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When I look at my Build Results window, there are duplicate entries for each Compile .m, Precompile .pch, and Link .

Whenever I try to add a global, even as a static constant, I get a linker error.

In the linking stage, I can see that one run is for armv6 and the other is for armv7 (when compiling for an iOS Device).

There is no duplication done or linker errors when compiling for the iOS Simulator however.

Is this an issue (beyond the obvious issue of the linker errors)? If so, will it cause performance issues? How can I rectify this?

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3 Answers 3

I'm pretty sure the double messages is caused by Universal App compiling.

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The short answer is, don't use globals. :D Look up extern use with objective-c, it may help you out with creating a global. If you are building for arm6 and arm7, you will have duplicate build entries as they are different assemblies.

Likely what happens when you create a static const as a global is that it gets defined in every file. Put it in one .m file and add the extern keyword in the others. That may be wrong, however, as I don't use globals. (and neither should you :D)

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There's nothing wrong with global constants, just global variables. I prefer to use a static const for these global constants rather than #define, because it allows you to define type. –  Jordan Nov 23 '10 at 21:28
    
However, I thought that the static keyword would prevent the global from being defined in other files? –  Jordan Nov 23 '10 at 21:28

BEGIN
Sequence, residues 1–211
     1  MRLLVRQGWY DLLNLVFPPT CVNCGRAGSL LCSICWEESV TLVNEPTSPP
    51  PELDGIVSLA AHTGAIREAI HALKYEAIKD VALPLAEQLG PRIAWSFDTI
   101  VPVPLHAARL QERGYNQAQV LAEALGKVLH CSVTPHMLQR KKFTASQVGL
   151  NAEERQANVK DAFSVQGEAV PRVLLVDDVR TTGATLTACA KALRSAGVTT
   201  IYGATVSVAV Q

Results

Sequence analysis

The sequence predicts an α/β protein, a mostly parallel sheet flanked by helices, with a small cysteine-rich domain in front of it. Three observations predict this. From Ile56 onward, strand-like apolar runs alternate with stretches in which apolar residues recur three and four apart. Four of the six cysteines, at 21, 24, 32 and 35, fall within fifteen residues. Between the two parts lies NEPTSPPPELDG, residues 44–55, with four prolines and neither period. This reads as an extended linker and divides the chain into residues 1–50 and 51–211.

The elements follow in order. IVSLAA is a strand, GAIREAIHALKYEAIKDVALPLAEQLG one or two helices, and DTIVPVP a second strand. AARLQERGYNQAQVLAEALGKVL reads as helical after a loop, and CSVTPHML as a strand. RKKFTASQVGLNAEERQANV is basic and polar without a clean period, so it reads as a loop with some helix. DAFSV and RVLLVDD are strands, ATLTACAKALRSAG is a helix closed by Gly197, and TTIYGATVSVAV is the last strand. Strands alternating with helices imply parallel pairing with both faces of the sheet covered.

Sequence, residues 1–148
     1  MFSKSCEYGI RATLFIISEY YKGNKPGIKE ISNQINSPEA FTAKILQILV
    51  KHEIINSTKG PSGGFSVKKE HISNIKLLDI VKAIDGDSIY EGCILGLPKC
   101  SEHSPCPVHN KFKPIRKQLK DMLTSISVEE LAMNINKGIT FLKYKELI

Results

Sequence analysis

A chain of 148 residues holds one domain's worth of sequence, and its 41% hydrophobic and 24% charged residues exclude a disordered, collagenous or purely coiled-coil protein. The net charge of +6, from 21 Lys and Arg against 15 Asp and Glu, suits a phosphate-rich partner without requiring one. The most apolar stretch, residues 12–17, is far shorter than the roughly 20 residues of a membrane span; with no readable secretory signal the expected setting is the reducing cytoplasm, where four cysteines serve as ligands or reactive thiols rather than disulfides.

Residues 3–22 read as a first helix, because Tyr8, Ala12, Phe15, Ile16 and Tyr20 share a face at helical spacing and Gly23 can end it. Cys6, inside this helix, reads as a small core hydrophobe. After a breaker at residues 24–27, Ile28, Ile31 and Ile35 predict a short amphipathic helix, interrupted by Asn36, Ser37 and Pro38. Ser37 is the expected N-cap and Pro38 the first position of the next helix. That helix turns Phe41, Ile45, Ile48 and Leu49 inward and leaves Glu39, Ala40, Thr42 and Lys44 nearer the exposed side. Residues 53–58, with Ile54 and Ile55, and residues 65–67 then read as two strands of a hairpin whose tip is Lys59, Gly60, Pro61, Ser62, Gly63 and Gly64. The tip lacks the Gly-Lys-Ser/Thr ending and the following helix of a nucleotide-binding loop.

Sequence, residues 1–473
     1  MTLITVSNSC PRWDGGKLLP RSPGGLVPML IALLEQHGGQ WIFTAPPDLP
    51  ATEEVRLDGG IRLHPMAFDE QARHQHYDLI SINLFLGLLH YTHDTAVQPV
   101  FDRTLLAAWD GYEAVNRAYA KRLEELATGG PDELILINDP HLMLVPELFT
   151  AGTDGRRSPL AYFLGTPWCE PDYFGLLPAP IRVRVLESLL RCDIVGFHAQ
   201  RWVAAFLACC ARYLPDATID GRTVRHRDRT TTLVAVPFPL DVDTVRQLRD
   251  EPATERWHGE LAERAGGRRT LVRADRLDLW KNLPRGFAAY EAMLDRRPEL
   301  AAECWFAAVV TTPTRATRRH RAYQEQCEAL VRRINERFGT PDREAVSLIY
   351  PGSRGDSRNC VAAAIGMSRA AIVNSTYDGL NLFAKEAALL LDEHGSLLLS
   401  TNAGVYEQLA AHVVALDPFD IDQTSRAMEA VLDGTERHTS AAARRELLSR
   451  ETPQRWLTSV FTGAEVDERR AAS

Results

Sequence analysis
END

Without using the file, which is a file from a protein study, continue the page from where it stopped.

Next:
@Jordan, I don't think static makes it better. You need to make global const the way C does, with extern –  Stephen Furlani Nov 24 '10 at 13:24

You shouldn't put definitions in a header file.

Declarations are things like int add(int a, int b); and extern int c;.

Definitions are things like int add(int a, int b) { return a+b; } and int c;.

If you define the global variable int c; in a header file, every source file that #includes it will define a symbol called "c". The linker doesn't like it: There are 2 (or 3, or 4...) different things called c but they all need to point to the same one. Which one should it use? (It's equivalent to defining two (non-static) functions with the same name, or two classes with the same name.)

Instead, stick extern int c; in the header file and int c; in one source file.

(The "duplicate" compiles for armv6 and armv7 are perfectly normal. The two architectures are compiled and linked separately and then compiled into a "fat" executable. Loosely, armv6 runs on "old" devices (pre-3GS) and armv7 runs on "new" devices (3GS+). "New" devices can also run armv6, but armv7 is much faster.)

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